I went the distance she went.
Is this sentence kind of an appositive case? Can we think of "that" as omitted in the sentence as in "I went the distance (that) she went? Here, "that" is leading a clause as well as referring to "the distance". Like this, if "she went" is used appositively, can we grammatically omit "that"? This case seems to have something to do with this case in which "the way (that)" is used because we normally don't include "that" when we use "the way (that)" as in "I like the way (that) you're.
But there seem to be also some people who argue that this "that" is just a relative pronoun. But as for the verb "go", I wouldn't agree with them in that generally most native speakers tend not to regard "went" as used transitively in my sentence and if "the distance" is really the object of "went", this sentence (I went the distance, which she went) must sound correct to all native speakers, but as far as I ask them about it, just only few of them would think of the sentence as grammatically correct.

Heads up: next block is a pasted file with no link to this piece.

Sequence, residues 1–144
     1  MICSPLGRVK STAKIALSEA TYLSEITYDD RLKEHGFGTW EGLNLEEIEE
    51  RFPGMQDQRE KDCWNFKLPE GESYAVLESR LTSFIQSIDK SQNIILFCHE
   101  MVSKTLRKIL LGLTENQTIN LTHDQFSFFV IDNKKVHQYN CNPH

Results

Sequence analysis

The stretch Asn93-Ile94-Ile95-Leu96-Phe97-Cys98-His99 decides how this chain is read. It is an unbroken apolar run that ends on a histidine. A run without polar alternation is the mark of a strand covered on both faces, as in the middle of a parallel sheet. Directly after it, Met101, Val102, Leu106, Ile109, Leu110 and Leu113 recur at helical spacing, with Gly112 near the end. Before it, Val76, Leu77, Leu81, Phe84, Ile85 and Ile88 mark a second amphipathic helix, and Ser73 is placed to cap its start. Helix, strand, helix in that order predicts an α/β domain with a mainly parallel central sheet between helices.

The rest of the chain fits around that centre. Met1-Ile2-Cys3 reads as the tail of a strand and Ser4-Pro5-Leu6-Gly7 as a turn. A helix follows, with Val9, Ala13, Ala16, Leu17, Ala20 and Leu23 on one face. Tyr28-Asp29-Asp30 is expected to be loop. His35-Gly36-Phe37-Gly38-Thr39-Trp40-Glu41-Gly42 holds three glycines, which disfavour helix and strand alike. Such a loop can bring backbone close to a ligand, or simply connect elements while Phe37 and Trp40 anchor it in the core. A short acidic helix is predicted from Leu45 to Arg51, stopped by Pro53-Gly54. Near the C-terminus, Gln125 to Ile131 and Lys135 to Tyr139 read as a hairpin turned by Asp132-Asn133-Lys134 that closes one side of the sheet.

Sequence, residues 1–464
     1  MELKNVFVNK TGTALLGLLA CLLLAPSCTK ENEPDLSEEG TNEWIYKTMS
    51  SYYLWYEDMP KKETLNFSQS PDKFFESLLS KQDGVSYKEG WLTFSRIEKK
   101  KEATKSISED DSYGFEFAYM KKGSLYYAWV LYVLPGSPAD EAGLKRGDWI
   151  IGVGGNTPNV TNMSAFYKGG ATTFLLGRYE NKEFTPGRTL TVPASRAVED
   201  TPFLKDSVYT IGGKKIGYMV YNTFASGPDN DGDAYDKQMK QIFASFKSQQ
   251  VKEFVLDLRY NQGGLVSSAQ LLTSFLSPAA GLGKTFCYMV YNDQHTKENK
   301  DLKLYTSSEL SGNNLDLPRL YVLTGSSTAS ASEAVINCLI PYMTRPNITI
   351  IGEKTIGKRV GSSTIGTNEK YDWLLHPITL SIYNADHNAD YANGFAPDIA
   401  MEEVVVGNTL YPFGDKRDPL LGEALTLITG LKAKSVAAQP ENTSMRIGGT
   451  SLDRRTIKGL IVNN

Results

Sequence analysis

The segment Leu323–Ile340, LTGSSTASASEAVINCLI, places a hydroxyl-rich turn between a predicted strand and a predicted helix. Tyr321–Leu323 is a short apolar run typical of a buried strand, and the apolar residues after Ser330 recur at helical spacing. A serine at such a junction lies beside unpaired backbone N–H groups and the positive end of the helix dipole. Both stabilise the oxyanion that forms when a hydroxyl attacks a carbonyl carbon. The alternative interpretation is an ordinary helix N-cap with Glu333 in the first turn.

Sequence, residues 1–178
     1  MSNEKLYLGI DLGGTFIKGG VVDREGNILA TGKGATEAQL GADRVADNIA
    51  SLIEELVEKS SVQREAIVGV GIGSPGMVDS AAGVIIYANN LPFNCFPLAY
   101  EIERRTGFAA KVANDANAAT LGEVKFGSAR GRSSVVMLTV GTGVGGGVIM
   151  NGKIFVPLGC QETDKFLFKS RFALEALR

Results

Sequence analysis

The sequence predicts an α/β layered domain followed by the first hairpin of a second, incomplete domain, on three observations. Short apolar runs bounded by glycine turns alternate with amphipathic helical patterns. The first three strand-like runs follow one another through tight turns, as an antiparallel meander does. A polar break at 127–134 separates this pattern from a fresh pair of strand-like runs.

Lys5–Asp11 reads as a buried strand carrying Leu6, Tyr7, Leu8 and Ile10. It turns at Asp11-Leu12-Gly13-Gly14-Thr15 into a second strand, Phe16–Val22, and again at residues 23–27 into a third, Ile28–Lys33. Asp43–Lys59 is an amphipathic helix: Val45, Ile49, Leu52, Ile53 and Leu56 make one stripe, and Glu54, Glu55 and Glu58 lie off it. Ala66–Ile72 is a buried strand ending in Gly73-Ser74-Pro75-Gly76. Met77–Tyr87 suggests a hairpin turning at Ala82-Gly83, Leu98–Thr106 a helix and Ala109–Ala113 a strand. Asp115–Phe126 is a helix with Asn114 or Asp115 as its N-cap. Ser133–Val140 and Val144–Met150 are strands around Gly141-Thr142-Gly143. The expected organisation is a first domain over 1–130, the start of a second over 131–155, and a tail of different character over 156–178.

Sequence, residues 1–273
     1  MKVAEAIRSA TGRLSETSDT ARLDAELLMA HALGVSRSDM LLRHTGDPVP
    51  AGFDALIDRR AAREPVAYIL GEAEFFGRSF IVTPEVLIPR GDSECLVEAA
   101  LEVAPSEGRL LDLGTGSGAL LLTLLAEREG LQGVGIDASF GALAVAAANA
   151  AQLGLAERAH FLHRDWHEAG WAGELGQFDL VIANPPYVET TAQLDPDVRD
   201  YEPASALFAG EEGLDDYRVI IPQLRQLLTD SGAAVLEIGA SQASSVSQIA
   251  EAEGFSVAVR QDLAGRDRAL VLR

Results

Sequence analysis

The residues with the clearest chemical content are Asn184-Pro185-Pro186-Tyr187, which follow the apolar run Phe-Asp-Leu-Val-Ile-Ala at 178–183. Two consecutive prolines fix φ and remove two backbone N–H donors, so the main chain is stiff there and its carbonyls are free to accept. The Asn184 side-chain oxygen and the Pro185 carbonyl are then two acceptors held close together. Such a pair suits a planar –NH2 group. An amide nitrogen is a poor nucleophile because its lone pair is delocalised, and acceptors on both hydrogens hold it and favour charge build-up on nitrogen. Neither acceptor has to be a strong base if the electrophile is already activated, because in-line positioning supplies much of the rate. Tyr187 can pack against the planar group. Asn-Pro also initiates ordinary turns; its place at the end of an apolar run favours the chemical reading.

To sum up,
Is my sentence an appositive case?
If 1 is right, is it grammatically acceptable to omit "that" in the sentence?
If 2 is right, can you answer on when to able to grammatically omit "that" or not?
Does that sentence have something to do with "the way (that)" usage?